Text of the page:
First, NASSCO argues that Plaintiff failed to allege that NASSCO made a claim to the government. Although this may have been true of the original complaint, the FAC alleges that NASSCO knowingly filed Cost Accounting Standards Disclosure Statements with the government "that woefully underreported the value of scrap metal being taken off Navy ships . . . and then submitt[ed] cost invoices to the government based in part on these inaccurate CAS Disclosure Statements." The FAC contains detailed allegations regarding the scheme sufficient to show that NASSCO knew or should have know of the scheme, especially given that one of its vice presidents, who was allegedly involved in the creation of the CAS Disclosures, was also allegedly participating in the scheme. Thus, assuming Defendant is vicariously liable for its vice president's actions, the FAC properly alleges that Defendant knowingly submitted false statements to the government.
Second, NASSCO argues that the original complaint only alleged misconduct by a few employees, and it should not be held liable for their conduct. Several courts, however, have applied the doctrine of respondeat superior in FCA cases. Grand Union Co. v. United States, 696 F.2d 888, 891 (11th Cir. 1983) (citing United States v. Hangar One, Inc., 563 F.2d 1155 (5th Cir. 1977); United States ex rel. McCarthy v. Straub Clinic & Hosp., Inc., 140 F. Supp. 2d 1062, 1070 n.7 (D. Haw. 2001) (listing cases). Nevertheless, there is little Ninth Circuit precedent on this issue and the parties have not fully briefed it. Thus, the Court permits NASSCO to raise it in a later motion to dismiss, if any.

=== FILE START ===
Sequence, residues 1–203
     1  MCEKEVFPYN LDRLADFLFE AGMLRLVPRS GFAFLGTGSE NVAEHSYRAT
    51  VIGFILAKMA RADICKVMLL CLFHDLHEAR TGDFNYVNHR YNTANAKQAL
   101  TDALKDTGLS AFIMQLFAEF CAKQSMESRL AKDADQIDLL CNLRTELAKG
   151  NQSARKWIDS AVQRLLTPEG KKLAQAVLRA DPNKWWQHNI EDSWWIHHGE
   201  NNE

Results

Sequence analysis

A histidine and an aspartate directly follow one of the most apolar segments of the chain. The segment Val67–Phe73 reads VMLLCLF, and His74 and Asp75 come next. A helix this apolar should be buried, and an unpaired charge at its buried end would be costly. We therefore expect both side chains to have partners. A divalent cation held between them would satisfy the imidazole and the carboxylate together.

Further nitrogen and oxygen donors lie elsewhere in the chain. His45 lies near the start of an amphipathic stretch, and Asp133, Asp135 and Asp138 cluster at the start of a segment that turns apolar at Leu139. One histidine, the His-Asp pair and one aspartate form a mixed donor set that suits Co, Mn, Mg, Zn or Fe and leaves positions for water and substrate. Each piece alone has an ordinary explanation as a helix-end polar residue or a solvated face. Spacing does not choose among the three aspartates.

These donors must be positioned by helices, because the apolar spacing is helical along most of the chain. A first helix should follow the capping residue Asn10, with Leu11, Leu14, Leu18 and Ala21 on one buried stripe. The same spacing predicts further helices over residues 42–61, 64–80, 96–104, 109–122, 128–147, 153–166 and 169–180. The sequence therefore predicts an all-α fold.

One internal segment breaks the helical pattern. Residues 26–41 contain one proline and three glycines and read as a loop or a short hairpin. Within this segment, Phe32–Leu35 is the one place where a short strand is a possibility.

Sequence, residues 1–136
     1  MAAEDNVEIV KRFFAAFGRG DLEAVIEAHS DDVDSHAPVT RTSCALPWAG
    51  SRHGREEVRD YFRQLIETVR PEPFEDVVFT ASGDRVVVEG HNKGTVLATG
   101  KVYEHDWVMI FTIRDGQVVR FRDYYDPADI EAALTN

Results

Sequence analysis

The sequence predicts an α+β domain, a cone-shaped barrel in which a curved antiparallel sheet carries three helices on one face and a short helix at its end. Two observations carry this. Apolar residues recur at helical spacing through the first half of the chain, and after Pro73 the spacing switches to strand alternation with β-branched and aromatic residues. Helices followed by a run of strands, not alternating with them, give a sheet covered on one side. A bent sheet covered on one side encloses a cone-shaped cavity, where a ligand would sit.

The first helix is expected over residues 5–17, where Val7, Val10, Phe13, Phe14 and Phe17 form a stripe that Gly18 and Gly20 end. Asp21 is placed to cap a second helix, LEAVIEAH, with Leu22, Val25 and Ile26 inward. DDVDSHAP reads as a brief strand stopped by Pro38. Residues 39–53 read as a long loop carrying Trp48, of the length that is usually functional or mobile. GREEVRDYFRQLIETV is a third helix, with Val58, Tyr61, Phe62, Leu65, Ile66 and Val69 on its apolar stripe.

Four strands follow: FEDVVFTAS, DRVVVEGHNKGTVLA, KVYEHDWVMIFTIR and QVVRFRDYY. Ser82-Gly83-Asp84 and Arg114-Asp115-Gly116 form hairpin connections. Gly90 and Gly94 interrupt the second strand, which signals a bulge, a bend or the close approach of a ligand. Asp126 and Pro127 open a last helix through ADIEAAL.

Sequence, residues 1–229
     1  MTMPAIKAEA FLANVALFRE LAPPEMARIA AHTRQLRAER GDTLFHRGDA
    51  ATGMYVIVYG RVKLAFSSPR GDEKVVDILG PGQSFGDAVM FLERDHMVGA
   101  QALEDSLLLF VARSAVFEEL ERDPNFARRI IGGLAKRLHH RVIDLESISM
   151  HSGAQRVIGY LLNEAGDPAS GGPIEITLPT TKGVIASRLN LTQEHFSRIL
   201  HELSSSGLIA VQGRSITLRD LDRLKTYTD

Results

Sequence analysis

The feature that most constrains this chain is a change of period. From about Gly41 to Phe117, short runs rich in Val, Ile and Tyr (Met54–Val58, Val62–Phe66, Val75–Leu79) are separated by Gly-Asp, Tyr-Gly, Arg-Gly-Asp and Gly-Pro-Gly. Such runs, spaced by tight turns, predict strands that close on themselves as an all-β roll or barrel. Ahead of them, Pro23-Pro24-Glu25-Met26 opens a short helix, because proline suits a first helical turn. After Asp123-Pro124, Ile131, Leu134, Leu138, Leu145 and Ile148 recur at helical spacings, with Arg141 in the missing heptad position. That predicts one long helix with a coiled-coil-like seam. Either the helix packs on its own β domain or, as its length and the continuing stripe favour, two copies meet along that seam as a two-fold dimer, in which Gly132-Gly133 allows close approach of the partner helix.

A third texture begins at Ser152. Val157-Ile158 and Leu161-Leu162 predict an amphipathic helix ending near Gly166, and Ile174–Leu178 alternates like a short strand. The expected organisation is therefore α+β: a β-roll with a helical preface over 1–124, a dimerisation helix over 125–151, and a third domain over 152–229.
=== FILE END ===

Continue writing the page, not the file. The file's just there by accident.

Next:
Third, NASSCO argues that Plaintiff failed to plead fraud with particularity. The Court finds that the FAC pleads the fraud with particularity and alleges ample factual details to support the FCA cause of action. For example, Plaintiff pleads the names and positions of most of the actors, specifies the manner and means by which Defendant allegedly defrauded the government, and alleges the basis for his knowledge. The Court finds no deficiency in these allegations.
For these reasons, in a motion to dismiss the FAC, NASSCO may not raise an argument regarding whether NASSCO knowingly violated the FCA. Nor may it argue that Plaintiff has failed to plead fraud with particularity. But NASSCO may raise any argument based on respondeat superior, or additional arguments if the Court has not already considered them.
Lastly, because the Court is concerned with the jurisdictional issues surrounding qui tam FCA actions, the Court orders the Clerk to SEAL the FAC [Doc. 31]. Plaintiff shall serve the FAC on the government, and the government shall notify the Court within ...